The revelation that Volkswagen intentionally used software on some of its diesel models to deceive regulators in measuring toxic emissions is deeply disappointing.
The Passat, one of the models in which the software was used, is made in Chattanooga.
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But area residents, who have seen their local and state governments pour money into the automobile manufacturer's local assembly plant, which in turn has furnished several thousands jobs, aren't the only ones reeling from the news.
Shares abroad in the carmaker's stock plunged 20 percent early Monday, their biggest ever one-day tumble.
And that came despite Sunday's apology by VW CEO Martin Winterkorn, who said he was "deeply sorry" for the breach and ordered an external investigation.
Industry comments about the scandal were, understandably, harsh.
"This is bad stuff," London-based Arndt Ellinghorst of Evercore ISI told Reuters. "It smells of lack of control, hubris and denial."
"This is not your usual recall issue, an error in calibration or even a serious safety flaw," Bernstein analysts wrote on Sunday. "There is no way to put an optimistic spin on this - this is really serious."
"This disaster is beyond all expectations," Ferdinand Dudenhoeffer, head of the Center of Automotive Research at the University of Duisburg-Essen, told Reuters.
The Environmental Protection Agency (EPA), which revealed the manufacturer's deception Friday, said VW could face fines of up to $18 billion.
The models in question, an EPA enforcement officer said, "contained software that turns off emissions controls when driving normally and turns them on when the car is undergoing an emissions test."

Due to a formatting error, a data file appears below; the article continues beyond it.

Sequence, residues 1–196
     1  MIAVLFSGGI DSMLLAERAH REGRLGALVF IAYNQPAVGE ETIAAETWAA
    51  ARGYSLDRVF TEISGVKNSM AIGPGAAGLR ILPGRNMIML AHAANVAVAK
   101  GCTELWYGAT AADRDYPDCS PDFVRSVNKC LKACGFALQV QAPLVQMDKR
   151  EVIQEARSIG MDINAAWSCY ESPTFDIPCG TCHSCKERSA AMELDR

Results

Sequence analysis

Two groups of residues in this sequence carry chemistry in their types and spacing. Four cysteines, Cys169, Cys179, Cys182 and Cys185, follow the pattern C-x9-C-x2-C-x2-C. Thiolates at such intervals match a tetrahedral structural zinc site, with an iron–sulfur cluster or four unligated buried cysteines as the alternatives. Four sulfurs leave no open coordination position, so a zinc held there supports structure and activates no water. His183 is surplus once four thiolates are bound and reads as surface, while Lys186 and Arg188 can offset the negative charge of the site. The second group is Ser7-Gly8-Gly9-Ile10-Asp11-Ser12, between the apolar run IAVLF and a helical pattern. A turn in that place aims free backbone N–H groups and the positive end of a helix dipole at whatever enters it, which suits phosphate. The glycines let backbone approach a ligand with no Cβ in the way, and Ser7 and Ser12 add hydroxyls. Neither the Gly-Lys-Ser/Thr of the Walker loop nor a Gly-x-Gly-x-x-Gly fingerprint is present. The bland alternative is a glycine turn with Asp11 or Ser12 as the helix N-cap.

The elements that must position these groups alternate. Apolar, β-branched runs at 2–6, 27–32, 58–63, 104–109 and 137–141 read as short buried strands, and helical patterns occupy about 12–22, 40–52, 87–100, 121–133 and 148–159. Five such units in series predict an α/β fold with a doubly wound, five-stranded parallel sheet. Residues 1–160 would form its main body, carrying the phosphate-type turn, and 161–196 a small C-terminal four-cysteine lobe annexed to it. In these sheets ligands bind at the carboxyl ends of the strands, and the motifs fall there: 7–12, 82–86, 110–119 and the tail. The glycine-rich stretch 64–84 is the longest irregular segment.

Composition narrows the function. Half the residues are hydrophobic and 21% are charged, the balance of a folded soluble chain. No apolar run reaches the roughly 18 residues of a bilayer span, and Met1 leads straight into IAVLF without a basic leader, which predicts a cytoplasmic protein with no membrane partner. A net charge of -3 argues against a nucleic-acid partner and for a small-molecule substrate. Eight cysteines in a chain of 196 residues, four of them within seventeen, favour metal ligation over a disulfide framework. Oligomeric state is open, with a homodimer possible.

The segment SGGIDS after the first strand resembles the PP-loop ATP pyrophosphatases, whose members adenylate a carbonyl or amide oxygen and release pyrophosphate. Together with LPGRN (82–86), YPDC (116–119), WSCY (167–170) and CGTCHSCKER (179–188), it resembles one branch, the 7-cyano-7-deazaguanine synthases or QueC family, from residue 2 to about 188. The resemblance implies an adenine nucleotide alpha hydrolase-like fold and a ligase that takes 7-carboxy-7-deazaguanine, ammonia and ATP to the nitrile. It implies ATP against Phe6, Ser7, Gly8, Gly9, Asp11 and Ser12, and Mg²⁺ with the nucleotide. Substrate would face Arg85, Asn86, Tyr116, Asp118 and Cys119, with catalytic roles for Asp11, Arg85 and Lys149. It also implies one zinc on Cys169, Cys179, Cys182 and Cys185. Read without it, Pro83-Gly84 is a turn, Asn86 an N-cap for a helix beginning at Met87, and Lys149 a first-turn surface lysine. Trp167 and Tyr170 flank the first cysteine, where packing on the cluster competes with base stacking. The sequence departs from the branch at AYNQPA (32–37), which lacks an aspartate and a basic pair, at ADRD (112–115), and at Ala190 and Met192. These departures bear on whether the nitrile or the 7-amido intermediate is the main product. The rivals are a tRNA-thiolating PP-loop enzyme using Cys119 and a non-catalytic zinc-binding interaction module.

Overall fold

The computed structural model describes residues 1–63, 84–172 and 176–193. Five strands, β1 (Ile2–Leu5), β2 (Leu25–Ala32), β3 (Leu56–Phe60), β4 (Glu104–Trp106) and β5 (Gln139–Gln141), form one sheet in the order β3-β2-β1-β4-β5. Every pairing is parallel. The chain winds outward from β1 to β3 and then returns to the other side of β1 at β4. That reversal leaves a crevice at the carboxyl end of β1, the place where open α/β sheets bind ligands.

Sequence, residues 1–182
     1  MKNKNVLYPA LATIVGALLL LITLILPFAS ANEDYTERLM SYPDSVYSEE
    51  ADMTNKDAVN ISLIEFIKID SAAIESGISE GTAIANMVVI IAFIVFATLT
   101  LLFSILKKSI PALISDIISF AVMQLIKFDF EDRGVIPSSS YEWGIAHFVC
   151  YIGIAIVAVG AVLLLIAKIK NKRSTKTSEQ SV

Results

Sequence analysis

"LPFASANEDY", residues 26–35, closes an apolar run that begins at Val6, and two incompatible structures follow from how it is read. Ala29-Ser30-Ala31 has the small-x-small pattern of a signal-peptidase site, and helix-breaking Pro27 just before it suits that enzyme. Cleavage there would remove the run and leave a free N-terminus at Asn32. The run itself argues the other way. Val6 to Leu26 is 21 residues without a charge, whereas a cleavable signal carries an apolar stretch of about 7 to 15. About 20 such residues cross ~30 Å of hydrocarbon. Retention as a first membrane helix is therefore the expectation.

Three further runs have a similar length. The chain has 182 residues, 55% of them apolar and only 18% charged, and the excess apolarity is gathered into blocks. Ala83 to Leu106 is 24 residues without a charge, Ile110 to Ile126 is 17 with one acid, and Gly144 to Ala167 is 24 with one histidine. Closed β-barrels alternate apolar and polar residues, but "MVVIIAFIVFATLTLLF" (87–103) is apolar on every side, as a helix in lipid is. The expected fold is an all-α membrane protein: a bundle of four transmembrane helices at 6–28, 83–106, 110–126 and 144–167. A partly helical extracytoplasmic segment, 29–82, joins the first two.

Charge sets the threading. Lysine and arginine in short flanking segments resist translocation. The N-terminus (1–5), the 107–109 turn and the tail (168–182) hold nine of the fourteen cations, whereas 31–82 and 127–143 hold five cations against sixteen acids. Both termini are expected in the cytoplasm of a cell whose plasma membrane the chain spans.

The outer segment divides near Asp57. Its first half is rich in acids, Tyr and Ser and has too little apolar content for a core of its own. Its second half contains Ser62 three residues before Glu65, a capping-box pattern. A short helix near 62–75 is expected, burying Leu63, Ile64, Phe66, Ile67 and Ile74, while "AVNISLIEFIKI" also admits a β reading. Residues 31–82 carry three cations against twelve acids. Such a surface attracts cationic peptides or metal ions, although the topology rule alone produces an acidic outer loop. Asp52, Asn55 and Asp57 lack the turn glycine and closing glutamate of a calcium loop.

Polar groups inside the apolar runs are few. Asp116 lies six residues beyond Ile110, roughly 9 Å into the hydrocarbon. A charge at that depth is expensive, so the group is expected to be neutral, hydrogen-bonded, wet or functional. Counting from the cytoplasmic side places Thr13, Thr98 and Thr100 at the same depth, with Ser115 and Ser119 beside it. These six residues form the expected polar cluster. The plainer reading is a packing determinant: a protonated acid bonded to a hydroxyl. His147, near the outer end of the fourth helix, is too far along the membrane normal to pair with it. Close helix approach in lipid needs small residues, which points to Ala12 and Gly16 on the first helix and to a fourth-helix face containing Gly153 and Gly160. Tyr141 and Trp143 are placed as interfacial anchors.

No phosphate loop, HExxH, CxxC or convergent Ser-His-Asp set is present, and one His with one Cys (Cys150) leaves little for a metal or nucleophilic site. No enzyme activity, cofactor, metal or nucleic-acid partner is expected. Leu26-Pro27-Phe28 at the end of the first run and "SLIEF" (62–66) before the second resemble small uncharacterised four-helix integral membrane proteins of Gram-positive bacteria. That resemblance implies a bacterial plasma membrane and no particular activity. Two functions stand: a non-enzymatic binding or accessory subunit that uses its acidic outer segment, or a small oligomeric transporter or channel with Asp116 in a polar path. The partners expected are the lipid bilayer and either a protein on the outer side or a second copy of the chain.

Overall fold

When they are on the road, the supposedly "clean diesel" cars emit as much as 40 times the level of pollutants currently allowed under clean air rules, the officer said.
In addition to the fines, VW will have to recall some 482,000 Audi and Volkswagen cars with the diesel engines in the model years 2009 through 2015 and, according to Winterkorn, "do whatever is necessary to reverse the damage this has caused."
Volkswagen, which recently overtook Toyota for the title of biggest carmaker by sales worldwide, already has seen a slump in its North American business. However, VW has pegged a revival in the U.S. market with the introduction of several new sport utility vehicles, including the CrossBlue, which is to be made in Chattanooga.
Locally, the carmaker, in addition to jobs, has made numerous contributions to the community since announcing it would build a plant here in 2008. Chattanoogans and car buyers around the world should expect that one of those contributions is integrity in leadership and product manufacturing, but the cheating scandal has damaged the VW brand.
We hope and expect the company's response to this crisis is so overwhelming that the company sets new industry standards for transparency and speedy, effective resolution to this punch in the gut.